Smart Grid Principal Characteristics: Operates Resilently against Attack and Natural Disaster   [open pdf - 214KB]

"The energy industry's assets and systems were not designed to handle extensive, well-organized acts of terrorism aimed at key elements. The U.S. energy infrastructure is a huge network of electric generating facilities and transmission lines, natural gas pipelines, oil refineries and pipelines, coal mines, communications systems, and various other elements. Occasionally, these systems have been exposed to large-scale natural disasters such as hurricanes and earthquakes. Generally, industries have restored energy supplies relatively quickly. Sabotage of individual components has caused some problems, but the impacts have been managed. We have done well in the past, but our post-9/11 future will be more challenging. Today's electric system was not designed to handle extensive, well-organized acts of terrorism aimed at strategic elements. The threat of attack is growing and a widespread attack against the infrastructure is more likely today than ever before. It is therefore critical that the smart grid address security from the outset, making it a requirement for all the elements of the grid and ensuring an integrated and balanced approach across the system. Threats to the smart grid can be broken into two categories: physical attacks (explosives, projectiles, natural disaster) and cyber (computer-launched) attacks. Whatever the specific nature of the threat, designers of the smart grid should plan for a directed, well-planned, and simultaneous attack against several vital parts of the system."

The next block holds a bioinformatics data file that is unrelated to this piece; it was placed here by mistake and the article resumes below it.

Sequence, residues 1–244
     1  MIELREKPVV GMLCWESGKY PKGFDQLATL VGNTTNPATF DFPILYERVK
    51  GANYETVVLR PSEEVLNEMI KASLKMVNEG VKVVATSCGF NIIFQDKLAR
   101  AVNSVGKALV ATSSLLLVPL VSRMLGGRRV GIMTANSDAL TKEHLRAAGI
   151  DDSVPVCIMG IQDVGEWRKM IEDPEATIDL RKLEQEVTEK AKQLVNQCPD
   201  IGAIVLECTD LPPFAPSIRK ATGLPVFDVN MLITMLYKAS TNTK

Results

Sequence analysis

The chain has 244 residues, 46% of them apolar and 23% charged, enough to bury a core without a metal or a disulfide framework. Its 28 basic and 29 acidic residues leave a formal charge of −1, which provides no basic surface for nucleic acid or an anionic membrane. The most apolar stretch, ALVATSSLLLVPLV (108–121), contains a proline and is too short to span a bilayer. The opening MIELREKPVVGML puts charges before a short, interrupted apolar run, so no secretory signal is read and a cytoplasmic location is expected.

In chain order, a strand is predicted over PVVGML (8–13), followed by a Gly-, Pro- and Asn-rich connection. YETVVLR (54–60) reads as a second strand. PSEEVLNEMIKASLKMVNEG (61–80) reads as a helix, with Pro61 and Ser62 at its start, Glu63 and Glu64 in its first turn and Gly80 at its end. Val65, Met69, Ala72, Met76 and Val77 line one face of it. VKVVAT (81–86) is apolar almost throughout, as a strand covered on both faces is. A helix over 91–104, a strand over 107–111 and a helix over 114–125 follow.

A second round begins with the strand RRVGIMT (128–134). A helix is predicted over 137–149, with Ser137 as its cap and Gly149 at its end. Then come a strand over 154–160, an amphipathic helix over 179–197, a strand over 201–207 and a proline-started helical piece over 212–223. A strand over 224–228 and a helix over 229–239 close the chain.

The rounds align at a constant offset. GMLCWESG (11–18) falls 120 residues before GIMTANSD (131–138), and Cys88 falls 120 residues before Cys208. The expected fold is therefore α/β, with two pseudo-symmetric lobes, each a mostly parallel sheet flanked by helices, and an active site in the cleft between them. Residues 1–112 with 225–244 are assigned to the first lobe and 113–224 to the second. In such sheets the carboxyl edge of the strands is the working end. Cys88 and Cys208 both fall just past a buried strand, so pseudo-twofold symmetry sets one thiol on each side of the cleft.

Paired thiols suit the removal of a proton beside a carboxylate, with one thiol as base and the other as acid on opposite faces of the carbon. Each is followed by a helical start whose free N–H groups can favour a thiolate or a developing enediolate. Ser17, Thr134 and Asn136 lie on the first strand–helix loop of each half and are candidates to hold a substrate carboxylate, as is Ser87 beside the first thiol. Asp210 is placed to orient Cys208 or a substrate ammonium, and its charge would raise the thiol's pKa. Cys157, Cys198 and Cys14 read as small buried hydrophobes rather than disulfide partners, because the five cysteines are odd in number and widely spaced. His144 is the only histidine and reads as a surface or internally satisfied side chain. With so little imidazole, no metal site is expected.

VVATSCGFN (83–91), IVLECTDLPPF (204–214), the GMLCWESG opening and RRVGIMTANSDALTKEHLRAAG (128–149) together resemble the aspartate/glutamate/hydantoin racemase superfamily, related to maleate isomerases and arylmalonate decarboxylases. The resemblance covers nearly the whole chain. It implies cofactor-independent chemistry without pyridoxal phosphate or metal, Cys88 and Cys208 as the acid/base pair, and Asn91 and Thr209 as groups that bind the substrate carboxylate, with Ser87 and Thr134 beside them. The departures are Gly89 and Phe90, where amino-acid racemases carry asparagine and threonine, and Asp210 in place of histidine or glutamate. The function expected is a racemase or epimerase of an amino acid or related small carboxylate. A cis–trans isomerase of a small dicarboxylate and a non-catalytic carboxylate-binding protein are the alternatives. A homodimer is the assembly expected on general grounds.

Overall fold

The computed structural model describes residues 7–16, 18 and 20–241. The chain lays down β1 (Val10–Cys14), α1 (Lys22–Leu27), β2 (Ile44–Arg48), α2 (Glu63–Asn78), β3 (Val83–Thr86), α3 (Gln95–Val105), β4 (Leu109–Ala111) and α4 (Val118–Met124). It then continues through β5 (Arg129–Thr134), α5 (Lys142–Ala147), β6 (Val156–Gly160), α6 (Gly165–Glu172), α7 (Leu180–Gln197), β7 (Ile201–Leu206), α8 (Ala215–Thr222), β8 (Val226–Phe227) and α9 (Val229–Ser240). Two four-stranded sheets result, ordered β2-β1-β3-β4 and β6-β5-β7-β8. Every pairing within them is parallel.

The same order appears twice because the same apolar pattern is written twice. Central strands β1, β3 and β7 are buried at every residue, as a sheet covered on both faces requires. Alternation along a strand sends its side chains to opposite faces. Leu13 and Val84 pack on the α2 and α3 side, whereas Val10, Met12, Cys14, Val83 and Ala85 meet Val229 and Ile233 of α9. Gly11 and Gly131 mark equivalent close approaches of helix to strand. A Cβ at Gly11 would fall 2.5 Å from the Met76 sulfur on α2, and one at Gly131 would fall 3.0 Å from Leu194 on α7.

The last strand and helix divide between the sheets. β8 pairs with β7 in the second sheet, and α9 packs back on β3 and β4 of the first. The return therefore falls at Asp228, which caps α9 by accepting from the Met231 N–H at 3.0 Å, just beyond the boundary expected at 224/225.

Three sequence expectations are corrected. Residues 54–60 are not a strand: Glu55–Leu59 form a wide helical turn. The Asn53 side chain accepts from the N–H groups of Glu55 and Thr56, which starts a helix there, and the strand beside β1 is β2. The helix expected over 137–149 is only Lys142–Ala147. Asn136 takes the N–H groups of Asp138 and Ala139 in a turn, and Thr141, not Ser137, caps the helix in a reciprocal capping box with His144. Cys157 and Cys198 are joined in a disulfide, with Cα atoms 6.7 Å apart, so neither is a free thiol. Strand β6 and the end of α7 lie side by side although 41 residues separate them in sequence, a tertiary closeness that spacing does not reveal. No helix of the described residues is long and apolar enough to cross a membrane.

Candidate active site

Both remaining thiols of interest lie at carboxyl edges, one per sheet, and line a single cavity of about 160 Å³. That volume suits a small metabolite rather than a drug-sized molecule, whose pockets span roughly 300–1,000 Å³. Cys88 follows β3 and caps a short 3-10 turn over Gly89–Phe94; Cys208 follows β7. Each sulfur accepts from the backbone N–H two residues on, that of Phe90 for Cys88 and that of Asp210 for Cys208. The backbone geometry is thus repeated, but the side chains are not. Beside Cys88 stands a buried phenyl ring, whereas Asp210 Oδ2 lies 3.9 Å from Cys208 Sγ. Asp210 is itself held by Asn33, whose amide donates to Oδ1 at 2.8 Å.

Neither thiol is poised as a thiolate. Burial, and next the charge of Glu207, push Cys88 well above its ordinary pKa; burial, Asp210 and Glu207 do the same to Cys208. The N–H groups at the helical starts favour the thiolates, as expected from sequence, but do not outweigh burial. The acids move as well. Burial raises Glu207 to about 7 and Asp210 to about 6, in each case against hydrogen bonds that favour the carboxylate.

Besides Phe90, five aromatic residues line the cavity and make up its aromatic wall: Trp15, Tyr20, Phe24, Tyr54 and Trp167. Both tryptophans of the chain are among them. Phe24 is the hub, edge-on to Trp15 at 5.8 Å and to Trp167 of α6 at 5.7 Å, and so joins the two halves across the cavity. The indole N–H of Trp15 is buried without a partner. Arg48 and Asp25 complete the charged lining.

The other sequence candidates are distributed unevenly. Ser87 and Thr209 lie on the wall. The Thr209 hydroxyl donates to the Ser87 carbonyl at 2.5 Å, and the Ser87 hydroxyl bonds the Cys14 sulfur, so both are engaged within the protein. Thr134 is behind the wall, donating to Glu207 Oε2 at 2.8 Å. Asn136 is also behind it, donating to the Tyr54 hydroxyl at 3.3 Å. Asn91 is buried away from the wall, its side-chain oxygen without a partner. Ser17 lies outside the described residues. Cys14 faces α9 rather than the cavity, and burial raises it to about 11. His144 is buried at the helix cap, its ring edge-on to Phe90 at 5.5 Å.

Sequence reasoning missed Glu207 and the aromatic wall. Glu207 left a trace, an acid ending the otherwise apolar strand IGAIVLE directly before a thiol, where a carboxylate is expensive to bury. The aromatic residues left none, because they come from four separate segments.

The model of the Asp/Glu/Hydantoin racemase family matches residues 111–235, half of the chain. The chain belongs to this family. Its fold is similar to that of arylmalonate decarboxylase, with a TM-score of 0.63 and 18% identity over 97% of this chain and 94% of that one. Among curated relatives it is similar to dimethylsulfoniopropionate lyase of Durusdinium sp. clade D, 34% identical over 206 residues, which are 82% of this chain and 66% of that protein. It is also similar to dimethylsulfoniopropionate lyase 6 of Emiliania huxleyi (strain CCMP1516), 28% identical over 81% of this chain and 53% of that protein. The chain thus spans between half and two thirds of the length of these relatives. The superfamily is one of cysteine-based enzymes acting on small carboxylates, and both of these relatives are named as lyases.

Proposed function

Public Domain
Retrieved From:
National Energy Technology Laboratory: http://www.netl.doe.gov
Media Type:
Help with citations